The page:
UN: Over 100,000 displaced in Syria in past month

UN humanitarian agency says at least 120,000 people from Aleppo, Hama and Idlib flee their homes due to fighting.

    UN: Over 100,000 displaced in Syria in past month
    The civil war, in its fifth year, has displaced half of Syria's prewar population of 23 million [Reuters]

    At least 120,000 people have been displaced in Syria this month because of fighting, according to UN humanitarian officials.

    The UN Office for the Coordination of Humanitarian Affairs said on Monday that the people fled their homes in Aleppo, Hama and Idlib governorates between October 5 and 22.

    This is a cry for help

    Karl Schembri, Norwegian Refugee Council

    UN spokesman Stephane Dujarric said that most remain in the three governorates but some have fled to camps near the Turkish border. He said most people in Aleppo moved towards villages and towns in the countryside west of the city.

    Dujarric said the displaced Syrians need tents, basic household items, food, water and sanitation services.

    He said the UN's humanitarian partners are scaling up their response, and distribution of cooked and ready-to-eat food has started to those displaced in the three governorates but needs to be stepped up.

    The UN report largely matches up with a similar report on Monday by the Norwegian Refugee Council, which estimated that 100,000 Syrians have been displaced in the last three weeks by the recent surge in fighting following the start of an air strike campaign by the Russian military.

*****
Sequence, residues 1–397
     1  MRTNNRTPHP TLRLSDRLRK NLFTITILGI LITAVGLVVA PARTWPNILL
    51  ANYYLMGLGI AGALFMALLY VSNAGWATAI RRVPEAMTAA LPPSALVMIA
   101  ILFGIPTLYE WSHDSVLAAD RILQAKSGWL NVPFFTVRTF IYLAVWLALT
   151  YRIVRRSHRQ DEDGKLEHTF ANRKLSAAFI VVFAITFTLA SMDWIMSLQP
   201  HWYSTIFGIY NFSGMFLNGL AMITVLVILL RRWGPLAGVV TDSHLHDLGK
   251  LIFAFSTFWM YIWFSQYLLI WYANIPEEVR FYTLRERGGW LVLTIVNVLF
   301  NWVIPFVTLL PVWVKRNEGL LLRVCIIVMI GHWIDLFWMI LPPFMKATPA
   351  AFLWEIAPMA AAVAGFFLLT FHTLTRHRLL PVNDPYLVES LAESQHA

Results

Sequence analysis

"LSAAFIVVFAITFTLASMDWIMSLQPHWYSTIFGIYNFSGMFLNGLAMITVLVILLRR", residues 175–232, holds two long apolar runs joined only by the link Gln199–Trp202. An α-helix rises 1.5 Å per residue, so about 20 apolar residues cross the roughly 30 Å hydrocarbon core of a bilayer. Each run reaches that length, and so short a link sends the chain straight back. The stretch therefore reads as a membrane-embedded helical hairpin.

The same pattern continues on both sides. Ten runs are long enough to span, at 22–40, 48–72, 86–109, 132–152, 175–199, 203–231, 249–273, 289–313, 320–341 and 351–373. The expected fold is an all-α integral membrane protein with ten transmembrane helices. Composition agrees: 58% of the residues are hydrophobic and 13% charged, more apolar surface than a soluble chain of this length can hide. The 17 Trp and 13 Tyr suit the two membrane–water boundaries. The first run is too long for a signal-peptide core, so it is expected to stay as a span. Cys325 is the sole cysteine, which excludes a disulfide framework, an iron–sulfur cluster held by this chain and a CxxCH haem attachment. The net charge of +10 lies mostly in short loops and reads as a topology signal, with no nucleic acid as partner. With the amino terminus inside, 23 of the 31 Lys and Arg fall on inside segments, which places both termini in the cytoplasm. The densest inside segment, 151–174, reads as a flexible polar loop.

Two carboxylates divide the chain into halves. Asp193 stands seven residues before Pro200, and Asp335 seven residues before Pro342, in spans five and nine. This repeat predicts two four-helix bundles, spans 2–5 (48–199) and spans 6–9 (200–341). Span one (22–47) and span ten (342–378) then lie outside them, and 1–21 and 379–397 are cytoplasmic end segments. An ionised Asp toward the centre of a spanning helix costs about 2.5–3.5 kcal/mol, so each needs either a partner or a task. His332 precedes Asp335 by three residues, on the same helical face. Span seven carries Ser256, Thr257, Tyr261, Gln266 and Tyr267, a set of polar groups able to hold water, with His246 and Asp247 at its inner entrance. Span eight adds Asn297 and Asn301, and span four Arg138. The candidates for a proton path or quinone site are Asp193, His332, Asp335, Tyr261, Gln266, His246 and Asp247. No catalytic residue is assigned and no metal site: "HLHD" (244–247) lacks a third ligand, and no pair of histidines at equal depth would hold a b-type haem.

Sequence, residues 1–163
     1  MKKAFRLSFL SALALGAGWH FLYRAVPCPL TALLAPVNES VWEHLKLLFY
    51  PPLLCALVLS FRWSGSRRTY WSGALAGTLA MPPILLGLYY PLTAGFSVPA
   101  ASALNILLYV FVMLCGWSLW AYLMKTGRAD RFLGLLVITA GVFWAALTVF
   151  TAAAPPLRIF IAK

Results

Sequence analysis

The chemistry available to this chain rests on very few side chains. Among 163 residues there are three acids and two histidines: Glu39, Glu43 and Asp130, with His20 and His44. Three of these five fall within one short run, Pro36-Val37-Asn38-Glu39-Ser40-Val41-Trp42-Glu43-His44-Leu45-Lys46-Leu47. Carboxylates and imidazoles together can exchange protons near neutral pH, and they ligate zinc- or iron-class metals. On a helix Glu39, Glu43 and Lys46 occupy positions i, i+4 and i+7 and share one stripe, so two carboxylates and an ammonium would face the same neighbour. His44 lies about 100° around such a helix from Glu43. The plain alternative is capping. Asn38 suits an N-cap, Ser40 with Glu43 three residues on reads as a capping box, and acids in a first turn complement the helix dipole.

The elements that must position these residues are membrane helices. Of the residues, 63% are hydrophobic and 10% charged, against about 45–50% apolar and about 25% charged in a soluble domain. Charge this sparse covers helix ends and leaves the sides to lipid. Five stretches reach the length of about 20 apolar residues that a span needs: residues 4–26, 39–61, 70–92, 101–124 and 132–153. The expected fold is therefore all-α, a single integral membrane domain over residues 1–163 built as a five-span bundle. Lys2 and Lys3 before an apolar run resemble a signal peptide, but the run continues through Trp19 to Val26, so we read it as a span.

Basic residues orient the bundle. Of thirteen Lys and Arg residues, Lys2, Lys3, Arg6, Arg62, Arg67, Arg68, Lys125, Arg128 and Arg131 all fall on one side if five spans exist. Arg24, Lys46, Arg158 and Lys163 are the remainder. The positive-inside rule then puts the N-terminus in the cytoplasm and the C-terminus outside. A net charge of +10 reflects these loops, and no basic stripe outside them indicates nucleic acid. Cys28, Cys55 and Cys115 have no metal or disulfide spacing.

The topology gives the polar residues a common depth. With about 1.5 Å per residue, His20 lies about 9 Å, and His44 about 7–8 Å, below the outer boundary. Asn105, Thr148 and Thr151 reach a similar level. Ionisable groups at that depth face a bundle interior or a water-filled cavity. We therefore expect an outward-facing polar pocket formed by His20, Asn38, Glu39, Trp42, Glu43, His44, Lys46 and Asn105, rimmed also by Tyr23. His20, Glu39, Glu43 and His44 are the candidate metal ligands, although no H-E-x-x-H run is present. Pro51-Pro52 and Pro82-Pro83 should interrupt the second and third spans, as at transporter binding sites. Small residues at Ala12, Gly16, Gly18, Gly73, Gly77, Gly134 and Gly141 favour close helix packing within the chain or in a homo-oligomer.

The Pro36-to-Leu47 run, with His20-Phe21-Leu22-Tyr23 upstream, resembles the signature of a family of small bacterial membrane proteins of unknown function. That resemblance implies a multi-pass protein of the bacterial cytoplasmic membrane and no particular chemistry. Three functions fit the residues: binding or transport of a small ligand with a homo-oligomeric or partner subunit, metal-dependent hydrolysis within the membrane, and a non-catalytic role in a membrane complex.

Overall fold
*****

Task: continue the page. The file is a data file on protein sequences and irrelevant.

The council said that this new exodus is pressuring already overcrowded and overstretched camps in the country. In a statement, the group said that the new wave of displacement is mostly from the province of Aleppo, where Syrian government and allied troops, emboldened by Russian air strikes, began a ground offensive on October 16.

    Civilians targeted

    The Islamic State of Iraq and the Levant (ISIL) group has also seized new territories in Aleppo, pushing out rival rebels and fighting with government troops. Others were displaced by the air strikes and fighting in Hama and Homs.

    "This is a cry for help," said Karl Schembri, the Refugee Council's media adviser. He said the newly displaced are heading towards already crowded facilities along the border with Turkey.

    The civil war, in its fifth year, has killed more than 250,000 people and displaced half of Syria's prewar population of 23 million.

    Russia began conducting air strikes in Syria on September 30, saying it aims to help the government defeat the ISIL group and other "terrorists." But many of the strikes have targeted Syrian rebels in areas where the ISIL group is not present and have hit civilians.

    Russia's defence ministry on Monday said that it had hit 285 targets in Syria over the past three days.

    The Syrian National Coalition, the main Western-backed opposition group, said on Monday that indiscriminate Russian aerial attacks are now the leading killer of civilians.

    The new violence has also heightened the tempo of diplomacy. Russian Foreign Minister Sergey Lavrov met last week with his American, Saudi and Turkish counterparts in Vienna to exchange ideas over an end to the conflict in Syria. Another meeting is expected this Friday.

    In a rare trip, President Bashar al-Assad himself travelled to Moscow last week, in his first visit out of the country since the war began in 2011.

    On Monday, Assad met the visiting foreign minister of Oman.


    How different voting systems work around the world

    How different voting systems work around the world

    Nearly two billion voters in 52 countries around the world will head to the polls this year to elect their leaders.

    How Moscow lost Riyadh in 1938

    How Moscow lost Riyadh in 1938

    Russian-Saudi relations could be very different today, if Stalin hadn't killed the Soviet ambassador to Saudi Arabia.

    The peace games: Dreaming big for South Sudan's youth

    The peace games: Dreaming big for South Sudan's youth

    A relatively new independence and fresh waves of conflict inspire a South Sudanese refugee to build antiwar video games.